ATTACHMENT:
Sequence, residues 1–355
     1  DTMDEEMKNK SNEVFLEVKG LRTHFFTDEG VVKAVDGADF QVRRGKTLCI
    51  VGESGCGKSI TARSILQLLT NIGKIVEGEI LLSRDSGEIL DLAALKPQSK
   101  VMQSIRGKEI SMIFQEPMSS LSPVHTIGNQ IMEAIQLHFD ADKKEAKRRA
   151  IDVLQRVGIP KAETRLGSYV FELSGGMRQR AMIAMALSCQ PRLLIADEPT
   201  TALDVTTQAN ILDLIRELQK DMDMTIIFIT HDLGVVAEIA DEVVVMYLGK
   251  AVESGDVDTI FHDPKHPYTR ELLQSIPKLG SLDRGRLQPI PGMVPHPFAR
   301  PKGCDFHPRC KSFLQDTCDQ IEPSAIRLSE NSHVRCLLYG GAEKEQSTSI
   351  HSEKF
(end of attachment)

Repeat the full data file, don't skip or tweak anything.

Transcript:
Sequence, residues 1–355
     1  DTMDEEMKNK SNEVFLEVKG LRTHFFTDEG VVKAVDGADF QVRRGKTLCI
    51  VGESGCGKSI TARSILQLLT NIGKIVEGEI LLSRDSGEIL DLAALKPQSK
   101  VMQSIRGKEI SMIFQEPMSS LSPVHTIGNQ IMEAIQLHFD ADKKEAKRRA
   151  IDVLQRVGIP KAETRLGSYV FELSGGMRQR AMIAMALSCQ PRLLIADEPT
   201  TALDVTTQAN ILDLIRELQK DMDMTIIFIT HDLGVVAEIA DEVVVMYLGK
   251  AVESGDVDTI FHDPKHPYTR ELLQSIPKLG SLDRGRLQPI PGMVPHPFAR
   301  PKGCDFHPRC KSFLQDTCDQ IEPSAIRLSE NSHVRCLLYG GAEKEQSTSI
   351  HSEKF